Centuries ago, Plutarch wrote about king of Armenia who disliked messengers bearing bad news about a coming invasion. Only flatterers were welcome in his court while war raged around him; his eventual fate was predictable. The media is expected to be a messenger carrying good, bad and ugly messages. But what happens when the messenger shoots himself in the foot? During 2019, Indian media peddled views without perspective as news. TV anchors became the story instead of narrating stories. Natch, the media became a subject of public ridicule and hate like never before during the year that just passed by.
Normally, the natural enemy of the press is the politician. But in the past couple of months, it was mostly media vs. media, slinging invectives like presstitute and Godi media against each other. Mayhem ruled across over 400 news channels, 250 newspapers, millions of news digital sites, Facebook pages and Twitter. Instead of interrogating those in power, the media was an establishment slave. The TV box lived up to its idiotic name and dumbed down the audience with the white noise of craven loudness. Competitive sycophancy is de rigueur for access.
Legacy is the springboard of values laid down for the coming generations. As I write this, I cannot help thinking of Ramnath Goenka, the founder of this paper and the paterfamilias of media independence. He hated authoritarianism fervently and fought the Gandhi family’s machinations without compromise. As a result, the media emerged from the dark night of the Emergency through Ramnathji’s passion for the truth. Sadly, few issues of national importance were reported objectively and correctively. Ideology and politics stained reporting. Liberal media shouted that India’s Constitution was under threat from the Saffron establishment in spite of democratically approved procedures.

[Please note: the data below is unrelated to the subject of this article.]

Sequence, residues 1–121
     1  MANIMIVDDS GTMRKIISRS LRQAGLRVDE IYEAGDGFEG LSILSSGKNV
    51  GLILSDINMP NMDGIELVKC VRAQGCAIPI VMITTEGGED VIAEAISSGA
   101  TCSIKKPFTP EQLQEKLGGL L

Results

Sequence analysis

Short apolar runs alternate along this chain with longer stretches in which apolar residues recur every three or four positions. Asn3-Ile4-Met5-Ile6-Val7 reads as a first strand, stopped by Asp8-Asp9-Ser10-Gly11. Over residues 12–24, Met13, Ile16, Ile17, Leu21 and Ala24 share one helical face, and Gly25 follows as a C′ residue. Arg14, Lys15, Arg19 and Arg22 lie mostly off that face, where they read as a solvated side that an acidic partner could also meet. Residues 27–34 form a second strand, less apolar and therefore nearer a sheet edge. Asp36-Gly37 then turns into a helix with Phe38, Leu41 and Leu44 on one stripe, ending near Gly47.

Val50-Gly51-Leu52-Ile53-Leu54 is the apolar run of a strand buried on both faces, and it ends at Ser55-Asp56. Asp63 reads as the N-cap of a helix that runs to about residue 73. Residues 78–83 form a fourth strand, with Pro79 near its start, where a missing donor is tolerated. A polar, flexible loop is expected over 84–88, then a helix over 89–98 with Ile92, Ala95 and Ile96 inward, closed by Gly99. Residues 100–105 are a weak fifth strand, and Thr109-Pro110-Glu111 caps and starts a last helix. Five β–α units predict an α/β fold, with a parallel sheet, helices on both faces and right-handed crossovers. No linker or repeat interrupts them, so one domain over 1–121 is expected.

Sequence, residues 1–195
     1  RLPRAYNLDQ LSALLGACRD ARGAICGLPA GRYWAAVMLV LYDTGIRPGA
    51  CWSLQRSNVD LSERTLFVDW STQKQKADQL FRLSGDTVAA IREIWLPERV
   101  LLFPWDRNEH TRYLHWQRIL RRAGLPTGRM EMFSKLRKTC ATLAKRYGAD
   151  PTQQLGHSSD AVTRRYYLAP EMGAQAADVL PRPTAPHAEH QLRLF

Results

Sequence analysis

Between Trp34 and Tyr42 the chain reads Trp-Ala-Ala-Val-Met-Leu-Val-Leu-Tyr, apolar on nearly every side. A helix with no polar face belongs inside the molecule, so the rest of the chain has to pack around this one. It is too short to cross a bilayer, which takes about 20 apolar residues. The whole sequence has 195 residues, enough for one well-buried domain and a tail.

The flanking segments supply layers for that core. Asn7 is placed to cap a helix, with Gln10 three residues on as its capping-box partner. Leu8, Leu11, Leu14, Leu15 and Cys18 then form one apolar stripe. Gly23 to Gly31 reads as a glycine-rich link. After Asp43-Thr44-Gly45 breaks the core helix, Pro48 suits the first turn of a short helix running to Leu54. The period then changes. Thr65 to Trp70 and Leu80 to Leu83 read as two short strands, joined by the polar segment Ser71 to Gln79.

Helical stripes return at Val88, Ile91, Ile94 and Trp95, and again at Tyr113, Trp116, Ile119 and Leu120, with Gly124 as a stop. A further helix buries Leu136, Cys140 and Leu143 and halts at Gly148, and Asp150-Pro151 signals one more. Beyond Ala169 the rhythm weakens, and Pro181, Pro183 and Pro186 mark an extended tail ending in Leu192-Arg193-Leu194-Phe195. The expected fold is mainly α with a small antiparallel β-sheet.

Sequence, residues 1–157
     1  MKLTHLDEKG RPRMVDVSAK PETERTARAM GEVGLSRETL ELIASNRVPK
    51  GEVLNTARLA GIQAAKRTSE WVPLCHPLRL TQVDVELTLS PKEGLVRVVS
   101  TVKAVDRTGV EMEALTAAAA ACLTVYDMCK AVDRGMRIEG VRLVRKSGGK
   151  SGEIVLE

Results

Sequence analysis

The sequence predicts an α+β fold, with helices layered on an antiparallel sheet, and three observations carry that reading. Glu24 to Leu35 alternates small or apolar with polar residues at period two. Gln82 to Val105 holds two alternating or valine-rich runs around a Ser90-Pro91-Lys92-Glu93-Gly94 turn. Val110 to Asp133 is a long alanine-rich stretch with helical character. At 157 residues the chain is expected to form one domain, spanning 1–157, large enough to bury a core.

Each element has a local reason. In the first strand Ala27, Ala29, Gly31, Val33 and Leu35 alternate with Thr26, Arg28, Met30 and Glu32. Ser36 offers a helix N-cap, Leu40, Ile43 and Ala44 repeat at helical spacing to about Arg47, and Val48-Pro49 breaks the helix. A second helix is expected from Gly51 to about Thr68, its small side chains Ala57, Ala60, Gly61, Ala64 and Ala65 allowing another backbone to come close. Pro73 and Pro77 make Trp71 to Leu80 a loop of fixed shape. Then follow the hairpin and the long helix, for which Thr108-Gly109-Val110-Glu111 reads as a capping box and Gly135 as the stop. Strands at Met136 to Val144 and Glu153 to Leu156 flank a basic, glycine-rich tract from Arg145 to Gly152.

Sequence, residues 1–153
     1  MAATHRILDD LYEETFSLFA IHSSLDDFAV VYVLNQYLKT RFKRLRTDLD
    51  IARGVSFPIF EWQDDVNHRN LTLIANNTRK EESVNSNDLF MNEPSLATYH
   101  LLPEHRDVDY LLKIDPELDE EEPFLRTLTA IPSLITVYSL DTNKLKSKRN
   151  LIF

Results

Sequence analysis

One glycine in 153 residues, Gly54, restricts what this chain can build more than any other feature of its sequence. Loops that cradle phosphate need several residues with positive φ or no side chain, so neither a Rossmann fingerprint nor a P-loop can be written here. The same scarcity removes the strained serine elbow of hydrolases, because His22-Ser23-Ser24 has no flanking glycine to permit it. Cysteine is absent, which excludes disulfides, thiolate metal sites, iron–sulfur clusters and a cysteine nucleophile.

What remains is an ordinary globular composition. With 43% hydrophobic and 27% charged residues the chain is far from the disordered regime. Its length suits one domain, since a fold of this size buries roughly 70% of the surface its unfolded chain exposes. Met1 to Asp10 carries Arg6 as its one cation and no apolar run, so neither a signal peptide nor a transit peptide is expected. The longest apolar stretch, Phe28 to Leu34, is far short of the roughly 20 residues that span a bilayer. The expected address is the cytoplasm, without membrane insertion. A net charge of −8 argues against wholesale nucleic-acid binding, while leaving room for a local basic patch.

Pro-government media blamed the entire Opposition as Pakistani stooges playing into the hands of anti nationals, whose disagreement with government policies and actions were blamed on appeasement politics. The establishment’s sinister stance was that reporting both sides of a story was fraudulent journalism. The coverage of national affairs was tailored in such a way that those indulging in vindictive actions were hailed and that the victims were nailed. Incidents were reported on the basis of ideological convictions. If Hindus were target of arson in West Bengal, it wouldn’t find a place in liberal media.
And if a person from minority community was intimidated in a BJP state, it would become prime time news. Conversely, any bad news in any of the BJP-ruled states would be totally blacked out. If that was not enough, most of the TV channels would run a panel discussion to turn the tables on the Opposition. The coverage of both the pro and anti-Citizenship legislation was a classic case of destruction of media’s image. Most of the newspapers and channels refrained from discussing the fine print of the actual laws, but would indulge in foul and fierce verbal slanging matches. For almost two months, media was just involved more in serving the political interests rather than serving facts to viewers and readers.